Proverbs 6:6 tells us, “Go to the ant, O sluggard, Observe her ways and be wise.” As this verse suggests, scientists who have studied the ant have learned all sorts of wonderful things. I mentioned previously the remarkable mutualistic relationship between Crematogaster (also called Cregaster) ants and certain Acacia trees. The trees provide food and housing for the ants, and the ants fiercely attack anything that tries to eat their tree. As I discussed in a follow-up post, scientists who thought they would “help” Acacia trees by fencing them in to protect them from large herbivores like elephants actually ended up hurting the trees. In the end, the scientists could not improve on the protection that the ants provide the tree naturally.
This intrigued the scientists who were bested by the ants, so they wanted to find out whether or not it is really possible for the tiny Crematogaster ants to actually defend the tree from the world’s largest land animal. Thus, they conducted a follow-up study, and the results were incredible!
According to Science Now, ecologists Todd Palmer and Jacob Goheen studied six orphaned elephants that lived in a Kenyan rehabilitation center that had a reasonably natural setting. They took branches off two species of Acacia tree – one that hosts the ants and one that does not. They then removed the ants from the branches that had ants on them. At this point, then, they had branches from two different species of Acacia tree, and all the branches were ant-free.
They then dipped half of the branches from each species into a vat of Crematogaster ants. So now they had some branches from both species with ants, and some branches from both species without ants. When these branches were offered to the elephants, the elephants ate branches from both species, but they ate only the ant-free branches. So the elephants didn’t eat based on the species of the tree. They ate based on whether or not the pesky ants were on the branches!
To further test whether or not it was really the ants that were protecting the trees, they went into the wild and used smoke to chase ants off several Acacia trees. They then monitored the trees, allowing different numbers of ants to inhabit different trees. After a full year, the trees that housed the highest number of ants per square meter of tree were untouched by elephants, while those that housed a small number of ants per square meter had been eaten by elephants. In fact, the density of ants on the tree determined how much of the tree had been eaten.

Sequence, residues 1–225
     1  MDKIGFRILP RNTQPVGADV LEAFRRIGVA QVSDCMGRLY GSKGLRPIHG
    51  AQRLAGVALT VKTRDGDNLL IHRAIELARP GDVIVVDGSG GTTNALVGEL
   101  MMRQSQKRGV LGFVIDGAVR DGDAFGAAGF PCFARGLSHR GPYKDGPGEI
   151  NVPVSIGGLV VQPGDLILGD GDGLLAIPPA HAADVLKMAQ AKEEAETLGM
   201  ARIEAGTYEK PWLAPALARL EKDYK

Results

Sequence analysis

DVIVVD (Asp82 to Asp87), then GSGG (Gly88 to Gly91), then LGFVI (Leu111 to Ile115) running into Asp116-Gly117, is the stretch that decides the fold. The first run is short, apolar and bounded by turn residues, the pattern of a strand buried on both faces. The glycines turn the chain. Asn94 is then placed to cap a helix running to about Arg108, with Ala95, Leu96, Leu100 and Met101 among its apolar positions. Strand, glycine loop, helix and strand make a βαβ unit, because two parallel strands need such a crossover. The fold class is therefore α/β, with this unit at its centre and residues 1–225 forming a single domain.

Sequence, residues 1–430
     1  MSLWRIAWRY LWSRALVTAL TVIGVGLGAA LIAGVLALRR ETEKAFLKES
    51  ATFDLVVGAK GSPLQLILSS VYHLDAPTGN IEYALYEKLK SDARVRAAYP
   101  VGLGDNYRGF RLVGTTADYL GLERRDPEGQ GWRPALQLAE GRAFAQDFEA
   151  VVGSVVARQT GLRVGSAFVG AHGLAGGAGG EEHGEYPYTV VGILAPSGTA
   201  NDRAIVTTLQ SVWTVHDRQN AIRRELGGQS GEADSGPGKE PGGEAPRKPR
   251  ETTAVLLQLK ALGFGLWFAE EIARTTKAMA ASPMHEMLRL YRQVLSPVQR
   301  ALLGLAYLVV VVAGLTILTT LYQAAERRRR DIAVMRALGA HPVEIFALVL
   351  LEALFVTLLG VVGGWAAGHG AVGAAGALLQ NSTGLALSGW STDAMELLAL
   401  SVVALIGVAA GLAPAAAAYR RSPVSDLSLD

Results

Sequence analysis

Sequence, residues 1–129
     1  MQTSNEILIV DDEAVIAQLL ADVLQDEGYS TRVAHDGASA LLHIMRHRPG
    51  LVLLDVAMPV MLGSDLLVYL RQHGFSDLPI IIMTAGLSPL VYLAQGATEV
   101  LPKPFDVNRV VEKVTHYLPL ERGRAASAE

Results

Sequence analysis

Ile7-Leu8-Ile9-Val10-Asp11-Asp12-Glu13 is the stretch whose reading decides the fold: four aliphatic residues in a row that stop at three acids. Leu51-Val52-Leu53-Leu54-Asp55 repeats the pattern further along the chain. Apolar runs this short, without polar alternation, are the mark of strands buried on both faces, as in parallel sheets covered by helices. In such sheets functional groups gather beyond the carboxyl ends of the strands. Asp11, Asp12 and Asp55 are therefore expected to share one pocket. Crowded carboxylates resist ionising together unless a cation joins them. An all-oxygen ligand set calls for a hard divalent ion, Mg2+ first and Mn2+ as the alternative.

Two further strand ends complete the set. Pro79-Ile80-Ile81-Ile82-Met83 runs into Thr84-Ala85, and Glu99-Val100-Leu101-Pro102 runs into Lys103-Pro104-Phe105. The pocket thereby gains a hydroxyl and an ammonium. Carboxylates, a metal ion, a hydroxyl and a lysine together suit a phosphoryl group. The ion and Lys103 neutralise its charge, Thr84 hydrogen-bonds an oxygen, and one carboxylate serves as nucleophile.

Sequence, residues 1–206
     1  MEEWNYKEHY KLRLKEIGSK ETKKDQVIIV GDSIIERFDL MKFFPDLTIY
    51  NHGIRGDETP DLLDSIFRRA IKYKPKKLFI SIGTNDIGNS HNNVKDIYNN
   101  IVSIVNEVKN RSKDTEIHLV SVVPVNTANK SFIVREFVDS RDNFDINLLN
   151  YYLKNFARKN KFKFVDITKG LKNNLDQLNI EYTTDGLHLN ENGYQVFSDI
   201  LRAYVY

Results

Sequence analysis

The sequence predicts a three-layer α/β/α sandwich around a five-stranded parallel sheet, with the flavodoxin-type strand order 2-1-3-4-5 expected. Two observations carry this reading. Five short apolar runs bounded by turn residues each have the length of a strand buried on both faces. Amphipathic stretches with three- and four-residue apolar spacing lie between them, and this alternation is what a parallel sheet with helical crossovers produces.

So the ants really are protecting the trees from elephants! This has amazing consequences for the ecosystem as a whole. Think about it. Elephants can devastate forests by overgrazing, which can actually turn forests into prairies. These tiny ants are powerful enough, however, to keep that from happening. The largest land animals in the world are simply no match for them!
As ecologist Lee Dyer, who was not involved in the study, notes, the implications of this research could be worldwide. Who would have ever thought that tiny ants can prevent deforestation by large land animals? Now that we know this happens on the African savanna, it is reasonable to assume that it probably happens in other ecosystems as well.
The more we learn about God’s creation, the more I am stunned by how it is all so intricately designed. Even a mighty creature like the elephant must answer to the lowly ant so that the overall ecosystem can flourish. Such systems don’t develop because the elephants and ants are simply competing for survival. They develop because they have been designed for the good of the entire ecosystem.